Canadian Flu Update 2010

We’re entering flu (influenza) season in North American and the annual vaccination campaigns have started. Here in Canada we’re fortunate to have a health system that covers the cost of immunizations for residents. In Ontario, where I’m located, the province funds a universal immunization program: everyone is eligible for a free flu shot. Here’s some background on influenza and some common questions (and answers) about the flu shot. This information is based on Canadian data and Canadian information with some general information pulled from the CDC. Apologies to SBP’s international readers, as much of this information will not be applicable outside Canada.

If you have any questions that aren’t answered here, please post them in the comments.

What is Influenza?

Influenza is a respiratory illness caused by influenza viruses. It typically appears 1-4 days after the initial infection, with fever, chills, muscle aches and fatigue common. Cough, sore throat and runny nose are also seen. In children, stomach complaints are frequent. On its own, the flu can be nasty. But it can complicate into viral pneumonia, or lead to a subsequent bacterial pneumonia. And if you have other chronic illnesses, like heart failure or asthma, it can cause significant worsening of these conditions. Continue reading

Time for some #vaxfax

Anti-vaccine advocates have declared November 1-6 to be Vaccine Awareness Week, and intend to use the week to spread unfounded fear about vaccines. Here in Canada, we already had our own Immunization Awareness Week, but I’ll happily take up the antivax challenge. I’ll be joining other science advocates to counter-detail the fearmongering and outright misinformation that usually erupts from those indifferent to public health. Here’s an excerpt of the release from Mercola and the National Vaccine Information Center:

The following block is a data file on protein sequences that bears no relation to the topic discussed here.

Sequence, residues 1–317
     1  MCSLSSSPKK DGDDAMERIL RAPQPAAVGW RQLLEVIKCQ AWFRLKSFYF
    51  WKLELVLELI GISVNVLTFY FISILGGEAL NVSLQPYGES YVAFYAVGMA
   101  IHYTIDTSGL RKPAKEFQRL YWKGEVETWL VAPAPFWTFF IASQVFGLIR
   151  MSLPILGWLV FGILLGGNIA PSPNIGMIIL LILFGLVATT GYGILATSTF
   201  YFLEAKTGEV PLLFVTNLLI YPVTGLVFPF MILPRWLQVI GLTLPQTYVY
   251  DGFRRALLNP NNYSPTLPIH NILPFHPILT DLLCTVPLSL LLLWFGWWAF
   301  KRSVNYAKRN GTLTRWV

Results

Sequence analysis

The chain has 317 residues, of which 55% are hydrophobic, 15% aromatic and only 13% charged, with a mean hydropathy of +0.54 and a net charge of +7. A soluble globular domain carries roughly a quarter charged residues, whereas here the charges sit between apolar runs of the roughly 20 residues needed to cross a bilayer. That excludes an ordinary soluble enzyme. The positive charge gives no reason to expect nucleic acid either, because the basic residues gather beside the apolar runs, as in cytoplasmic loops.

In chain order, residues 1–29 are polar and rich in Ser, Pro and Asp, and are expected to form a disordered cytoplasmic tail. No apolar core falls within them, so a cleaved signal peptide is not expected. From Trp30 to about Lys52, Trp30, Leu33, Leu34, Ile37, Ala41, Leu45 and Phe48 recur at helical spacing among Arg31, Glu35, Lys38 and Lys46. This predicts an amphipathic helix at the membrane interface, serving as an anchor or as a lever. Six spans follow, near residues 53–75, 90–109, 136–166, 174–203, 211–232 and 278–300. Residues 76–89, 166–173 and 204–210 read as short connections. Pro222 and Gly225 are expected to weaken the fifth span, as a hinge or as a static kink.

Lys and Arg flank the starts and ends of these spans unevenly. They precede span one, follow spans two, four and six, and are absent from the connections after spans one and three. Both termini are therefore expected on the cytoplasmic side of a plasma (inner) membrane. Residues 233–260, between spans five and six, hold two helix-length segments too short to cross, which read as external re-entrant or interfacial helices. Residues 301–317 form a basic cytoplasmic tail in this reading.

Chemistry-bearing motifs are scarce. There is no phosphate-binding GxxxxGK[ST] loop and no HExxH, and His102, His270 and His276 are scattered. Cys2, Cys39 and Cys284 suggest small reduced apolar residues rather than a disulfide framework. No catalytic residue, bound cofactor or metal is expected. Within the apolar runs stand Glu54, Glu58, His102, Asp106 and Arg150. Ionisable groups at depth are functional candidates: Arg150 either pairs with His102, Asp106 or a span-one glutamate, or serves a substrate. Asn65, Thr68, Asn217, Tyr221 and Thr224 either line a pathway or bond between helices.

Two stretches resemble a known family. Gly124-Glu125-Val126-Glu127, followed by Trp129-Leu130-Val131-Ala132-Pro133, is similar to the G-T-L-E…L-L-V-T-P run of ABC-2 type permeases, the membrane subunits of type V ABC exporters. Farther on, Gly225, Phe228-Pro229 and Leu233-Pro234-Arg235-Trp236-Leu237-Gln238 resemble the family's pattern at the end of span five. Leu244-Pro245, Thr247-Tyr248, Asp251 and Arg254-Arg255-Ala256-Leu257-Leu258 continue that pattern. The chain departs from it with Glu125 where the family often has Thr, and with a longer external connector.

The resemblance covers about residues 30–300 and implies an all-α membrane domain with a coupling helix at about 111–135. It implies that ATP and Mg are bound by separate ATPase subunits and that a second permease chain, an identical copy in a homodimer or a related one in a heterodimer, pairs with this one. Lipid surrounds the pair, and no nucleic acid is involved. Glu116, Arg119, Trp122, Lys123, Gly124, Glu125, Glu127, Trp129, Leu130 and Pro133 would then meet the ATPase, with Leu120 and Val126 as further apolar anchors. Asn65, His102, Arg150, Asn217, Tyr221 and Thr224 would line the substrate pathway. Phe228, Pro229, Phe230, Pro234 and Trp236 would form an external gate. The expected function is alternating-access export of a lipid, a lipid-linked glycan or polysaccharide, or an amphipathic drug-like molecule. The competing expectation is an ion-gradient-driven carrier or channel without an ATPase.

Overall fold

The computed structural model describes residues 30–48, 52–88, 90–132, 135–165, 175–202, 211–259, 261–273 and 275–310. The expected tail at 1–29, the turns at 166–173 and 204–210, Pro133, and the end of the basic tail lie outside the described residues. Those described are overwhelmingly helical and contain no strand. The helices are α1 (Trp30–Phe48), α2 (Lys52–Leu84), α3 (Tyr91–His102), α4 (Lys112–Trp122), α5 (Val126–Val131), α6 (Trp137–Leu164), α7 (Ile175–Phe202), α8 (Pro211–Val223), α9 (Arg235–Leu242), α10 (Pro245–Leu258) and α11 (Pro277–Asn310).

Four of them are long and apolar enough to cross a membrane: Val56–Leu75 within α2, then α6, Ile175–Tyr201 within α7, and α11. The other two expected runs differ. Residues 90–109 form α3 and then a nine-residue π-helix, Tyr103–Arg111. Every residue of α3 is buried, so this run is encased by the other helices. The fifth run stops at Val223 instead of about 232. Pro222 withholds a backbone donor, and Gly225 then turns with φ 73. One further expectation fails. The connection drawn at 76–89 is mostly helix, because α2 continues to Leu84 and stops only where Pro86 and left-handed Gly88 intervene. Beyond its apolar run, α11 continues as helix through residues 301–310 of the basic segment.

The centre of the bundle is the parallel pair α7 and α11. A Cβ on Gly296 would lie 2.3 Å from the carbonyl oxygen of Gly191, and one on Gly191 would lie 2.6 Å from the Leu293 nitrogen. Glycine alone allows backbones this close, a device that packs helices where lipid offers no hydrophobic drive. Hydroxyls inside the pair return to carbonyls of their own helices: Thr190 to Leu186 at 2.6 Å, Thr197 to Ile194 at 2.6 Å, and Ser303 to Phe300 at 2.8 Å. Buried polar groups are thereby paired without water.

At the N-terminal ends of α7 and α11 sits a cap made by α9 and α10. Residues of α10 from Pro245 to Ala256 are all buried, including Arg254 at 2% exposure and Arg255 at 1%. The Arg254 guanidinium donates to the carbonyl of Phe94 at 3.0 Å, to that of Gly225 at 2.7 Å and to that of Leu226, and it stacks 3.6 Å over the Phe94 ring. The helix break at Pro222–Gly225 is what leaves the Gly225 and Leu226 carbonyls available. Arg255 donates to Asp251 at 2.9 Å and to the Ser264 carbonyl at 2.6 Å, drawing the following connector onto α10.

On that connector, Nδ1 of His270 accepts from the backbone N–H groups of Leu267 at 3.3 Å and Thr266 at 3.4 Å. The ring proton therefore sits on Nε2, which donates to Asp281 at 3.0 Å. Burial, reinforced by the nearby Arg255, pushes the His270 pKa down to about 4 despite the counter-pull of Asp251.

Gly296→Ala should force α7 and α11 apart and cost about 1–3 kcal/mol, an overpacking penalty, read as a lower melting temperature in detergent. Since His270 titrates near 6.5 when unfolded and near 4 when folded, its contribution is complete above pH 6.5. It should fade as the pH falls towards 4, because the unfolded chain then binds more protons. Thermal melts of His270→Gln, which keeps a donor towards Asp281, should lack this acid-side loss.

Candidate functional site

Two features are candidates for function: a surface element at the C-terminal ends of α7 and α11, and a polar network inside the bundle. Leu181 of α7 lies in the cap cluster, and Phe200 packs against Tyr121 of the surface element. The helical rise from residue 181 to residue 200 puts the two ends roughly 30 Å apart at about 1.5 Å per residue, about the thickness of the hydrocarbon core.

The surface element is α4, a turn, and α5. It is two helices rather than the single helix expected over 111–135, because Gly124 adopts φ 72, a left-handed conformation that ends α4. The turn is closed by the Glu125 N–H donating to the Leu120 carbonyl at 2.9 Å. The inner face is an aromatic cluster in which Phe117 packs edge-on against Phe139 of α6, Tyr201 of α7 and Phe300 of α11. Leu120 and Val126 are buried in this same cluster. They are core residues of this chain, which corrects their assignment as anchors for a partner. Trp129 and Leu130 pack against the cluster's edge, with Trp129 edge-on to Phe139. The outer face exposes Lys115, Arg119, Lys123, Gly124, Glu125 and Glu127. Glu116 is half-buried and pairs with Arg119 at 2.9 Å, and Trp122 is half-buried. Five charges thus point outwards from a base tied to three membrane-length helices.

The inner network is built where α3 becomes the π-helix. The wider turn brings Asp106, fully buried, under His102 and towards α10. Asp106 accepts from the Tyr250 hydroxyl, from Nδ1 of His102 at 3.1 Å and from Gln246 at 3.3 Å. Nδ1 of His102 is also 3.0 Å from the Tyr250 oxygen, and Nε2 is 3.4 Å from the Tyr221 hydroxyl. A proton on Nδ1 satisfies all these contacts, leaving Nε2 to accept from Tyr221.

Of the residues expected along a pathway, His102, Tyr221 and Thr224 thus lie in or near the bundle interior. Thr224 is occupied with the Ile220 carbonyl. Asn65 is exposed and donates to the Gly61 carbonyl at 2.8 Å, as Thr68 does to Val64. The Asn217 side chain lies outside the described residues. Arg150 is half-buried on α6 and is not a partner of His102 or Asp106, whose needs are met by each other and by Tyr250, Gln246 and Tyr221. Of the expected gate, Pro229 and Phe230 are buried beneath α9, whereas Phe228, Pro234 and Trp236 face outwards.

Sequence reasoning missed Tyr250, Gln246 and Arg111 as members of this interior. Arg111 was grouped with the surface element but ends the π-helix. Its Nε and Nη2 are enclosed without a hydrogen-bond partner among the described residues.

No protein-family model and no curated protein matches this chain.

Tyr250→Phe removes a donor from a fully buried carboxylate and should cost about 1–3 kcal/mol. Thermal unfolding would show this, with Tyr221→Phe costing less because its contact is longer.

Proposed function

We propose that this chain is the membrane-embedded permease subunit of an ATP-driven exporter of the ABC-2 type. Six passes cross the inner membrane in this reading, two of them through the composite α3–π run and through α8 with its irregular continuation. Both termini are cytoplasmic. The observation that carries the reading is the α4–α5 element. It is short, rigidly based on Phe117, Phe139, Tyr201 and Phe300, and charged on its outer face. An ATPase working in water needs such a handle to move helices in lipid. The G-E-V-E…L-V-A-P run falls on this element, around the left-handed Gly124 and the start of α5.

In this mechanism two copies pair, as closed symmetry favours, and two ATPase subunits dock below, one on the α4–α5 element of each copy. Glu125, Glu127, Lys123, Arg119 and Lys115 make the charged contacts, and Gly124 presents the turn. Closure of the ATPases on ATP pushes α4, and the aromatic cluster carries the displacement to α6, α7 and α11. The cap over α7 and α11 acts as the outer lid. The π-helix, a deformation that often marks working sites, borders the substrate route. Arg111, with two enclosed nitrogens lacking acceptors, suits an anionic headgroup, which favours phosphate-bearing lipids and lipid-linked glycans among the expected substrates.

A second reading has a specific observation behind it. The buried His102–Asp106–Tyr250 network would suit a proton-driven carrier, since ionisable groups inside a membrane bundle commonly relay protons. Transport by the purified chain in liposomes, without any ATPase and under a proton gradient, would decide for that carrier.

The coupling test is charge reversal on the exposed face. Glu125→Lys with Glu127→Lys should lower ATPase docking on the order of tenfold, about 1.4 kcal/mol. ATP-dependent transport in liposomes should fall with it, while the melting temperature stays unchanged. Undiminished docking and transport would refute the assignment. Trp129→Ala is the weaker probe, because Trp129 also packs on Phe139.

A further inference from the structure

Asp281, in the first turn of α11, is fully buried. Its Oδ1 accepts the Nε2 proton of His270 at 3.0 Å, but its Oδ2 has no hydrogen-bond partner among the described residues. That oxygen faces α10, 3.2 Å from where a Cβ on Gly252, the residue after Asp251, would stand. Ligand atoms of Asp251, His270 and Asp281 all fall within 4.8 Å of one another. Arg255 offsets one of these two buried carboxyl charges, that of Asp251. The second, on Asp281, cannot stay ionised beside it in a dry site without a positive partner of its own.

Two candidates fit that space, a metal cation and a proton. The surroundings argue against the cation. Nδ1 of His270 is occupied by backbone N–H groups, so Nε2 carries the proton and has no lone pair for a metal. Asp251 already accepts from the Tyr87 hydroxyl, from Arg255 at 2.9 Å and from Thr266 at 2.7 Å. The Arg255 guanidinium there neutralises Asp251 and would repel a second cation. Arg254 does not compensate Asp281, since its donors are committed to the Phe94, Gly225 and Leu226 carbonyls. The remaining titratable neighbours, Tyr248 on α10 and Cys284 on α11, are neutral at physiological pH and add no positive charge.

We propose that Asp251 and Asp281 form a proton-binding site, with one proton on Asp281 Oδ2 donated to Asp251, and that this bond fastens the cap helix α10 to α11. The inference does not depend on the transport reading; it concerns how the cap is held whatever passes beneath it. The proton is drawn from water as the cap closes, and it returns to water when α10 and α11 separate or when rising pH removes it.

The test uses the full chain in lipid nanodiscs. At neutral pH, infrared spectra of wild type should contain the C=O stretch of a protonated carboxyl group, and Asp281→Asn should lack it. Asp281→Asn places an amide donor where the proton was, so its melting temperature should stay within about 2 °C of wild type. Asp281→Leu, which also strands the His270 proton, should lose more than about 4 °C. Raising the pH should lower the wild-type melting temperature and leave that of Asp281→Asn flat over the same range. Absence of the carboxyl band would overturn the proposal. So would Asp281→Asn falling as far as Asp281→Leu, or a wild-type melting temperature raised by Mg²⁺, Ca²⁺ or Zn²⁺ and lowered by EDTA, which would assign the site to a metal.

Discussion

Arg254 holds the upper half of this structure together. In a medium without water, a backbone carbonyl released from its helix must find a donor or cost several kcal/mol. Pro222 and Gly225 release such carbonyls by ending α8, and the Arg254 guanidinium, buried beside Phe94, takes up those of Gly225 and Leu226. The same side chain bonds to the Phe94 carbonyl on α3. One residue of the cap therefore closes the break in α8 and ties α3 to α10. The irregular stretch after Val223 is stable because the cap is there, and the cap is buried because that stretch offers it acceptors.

In a long-scheduled joint effort to raise public awareness about important vaccination issues during the week of November 1-6, 2010, Mercola.com and NVIC will publish a series of articles and interviews on vaccine topics of interest to Mercola.com newsletter subscribers and NVIC Vaccine E-newsletter readers.

The week-long public awareness program will also raise funds for NVIC, a non-profit charity that has been working for more than two decades to prevent vaccine injuries and deaths through public education and protecting informed consent to vaccination.

The November 1-6 Vaccine Awareness Week hosted by Mercola.com and NVIC will follow a month-long vaccine awareness effort in October that was recently announced on Facebook by parents highlighting Gardasil vaccine risks.

The six-week-long focus this fall on vaccine issues will help raise the consciousness of many more Americans, who may be unaware that they can take an active role in helping to prevent vaccine injuries and deaths and defend the legal right to make voluntary vaccination choices.

Keep an eye on Science-Based Medicine and Skeptic North for more details and blog posts. An aggregator will be set up to collate articles, and I’ll link to it once it’s online. On Twitter, you can follow discussions with the #vaxfax tag. And if you want to get started, PalMD has is responding to an article that attributes infertility to vaccines.